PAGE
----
Marketplaces are evolving in ways stacked against regular people. Aggressive new labor markets like Uber: mislead work-seekers, slash pay, distort the market against workers, withhold data, systematically undermine regulation and lobby against worker rights around the world. Uber is not an outlier, it’s a pathfinder for labor market platforms covering thousands of sectors.
Meanwhile, corporate employees are increasingly deployed in line with their employer’s hour-by-hour needs. New scheduling software puts businesses under competitive pressure to adopt these one-sided efficiencies.
About 50% of workers are now reliant on at least some ad-hoc economic activity, much of it in shadow economies. This feeds divisive problems; financial volatility, health problems, child poverty and popular rage. A cheapened, commoditized, workforce with little chance of progression is also a huge waste of economic potential.
That’s a problem for governments. Many are getting increasingly radical in their thinking: Universal Basic Income, a Green New Deal free tuition and other taxpayer funded schemes are gaining traction worldwide. But Britain leads with an alternative path: comprehensive online markets that use new tools, personalised data and interfacing into official facilities to unlock the full economic potential of any citizen or local business.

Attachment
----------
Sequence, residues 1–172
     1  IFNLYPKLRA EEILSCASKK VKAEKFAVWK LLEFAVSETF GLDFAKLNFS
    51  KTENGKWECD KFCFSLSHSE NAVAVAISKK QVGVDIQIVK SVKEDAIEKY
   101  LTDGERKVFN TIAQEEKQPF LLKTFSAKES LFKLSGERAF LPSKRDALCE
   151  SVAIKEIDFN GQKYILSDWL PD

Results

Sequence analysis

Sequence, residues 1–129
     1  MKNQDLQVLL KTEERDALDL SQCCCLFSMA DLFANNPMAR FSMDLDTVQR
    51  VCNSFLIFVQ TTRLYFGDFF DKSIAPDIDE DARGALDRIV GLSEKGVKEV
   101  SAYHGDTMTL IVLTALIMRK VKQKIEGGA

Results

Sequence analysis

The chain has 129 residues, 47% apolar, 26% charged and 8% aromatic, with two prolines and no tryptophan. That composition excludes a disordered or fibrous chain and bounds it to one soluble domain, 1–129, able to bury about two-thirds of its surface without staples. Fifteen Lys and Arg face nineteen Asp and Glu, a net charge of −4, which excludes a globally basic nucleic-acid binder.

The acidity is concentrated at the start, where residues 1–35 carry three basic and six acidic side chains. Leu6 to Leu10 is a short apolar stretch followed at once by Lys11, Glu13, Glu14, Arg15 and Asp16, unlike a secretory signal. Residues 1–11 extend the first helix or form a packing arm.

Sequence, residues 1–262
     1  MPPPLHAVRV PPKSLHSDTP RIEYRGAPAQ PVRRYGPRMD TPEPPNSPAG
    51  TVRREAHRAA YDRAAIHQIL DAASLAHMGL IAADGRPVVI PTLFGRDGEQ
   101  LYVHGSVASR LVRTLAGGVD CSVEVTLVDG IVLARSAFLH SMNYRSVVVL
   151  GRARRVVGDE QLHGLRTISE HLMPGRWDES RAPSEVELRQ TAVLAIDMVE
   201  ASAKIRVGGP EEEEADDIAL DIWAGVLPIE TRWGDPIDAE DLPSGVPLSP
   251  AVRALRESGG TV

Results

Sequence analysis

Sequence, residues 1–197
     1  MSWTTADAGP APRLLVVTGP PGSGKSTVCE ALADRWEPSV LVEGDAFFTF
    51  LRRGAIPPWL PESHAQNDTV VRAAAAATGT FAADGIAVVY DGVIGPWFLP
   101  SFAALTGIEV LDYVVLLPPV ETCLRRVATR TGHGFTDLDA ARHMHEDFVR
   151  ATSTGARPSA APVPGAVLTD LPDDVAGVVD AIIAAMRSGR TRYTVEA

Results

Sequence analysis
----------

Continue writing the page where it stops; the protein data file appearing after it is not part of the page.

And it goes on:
Tony Blair’s government funded the core of this infrastructure, David Cameron’s team advanced it further. Now in a non-profit, the resulting markets have just also been launched by public bodies in Los Angeles County. This initiative seeks to work with financiers; on models to enable scaling of the infrastructure and in creating investment vehicles based on upskilling and equipping workers in line with their local needs.
Wingham Rowan is the former anchor and producer of Britain’s longest running TV series about the Internet. While working on that series he approached the think tank Demos to develop possibilities around how any government could initiate much better markets for local businesses and people at the bottom of the economy.
Books, articles, policy papers and a TED talk followed. In 2005 the UK government funded a first build of the technologies developed by Rowan’s team. Those markets – providing an empowering alternative to “gig work” platforms – were launched by 20 city authorities before being absorbed into central government’s Universal Credit scheme.
Funded by four national US philanthropies, those markets have now been launched by public agencies in Los Angeles County. The launch project won US Conference of Mayors’ prize for best economic development initiative in America. Rowan has led the US launch team while running the MM4A non-profit.
As governments explore increasingly radical policy possibilities post-Covid, the wider vision of governments initiating better markets across the entire micro-economy in partnership with financiers and technologists is gaining traction. Rowan has become something of an expert on this emerging area of policy. www.ModernMarketsforAll.org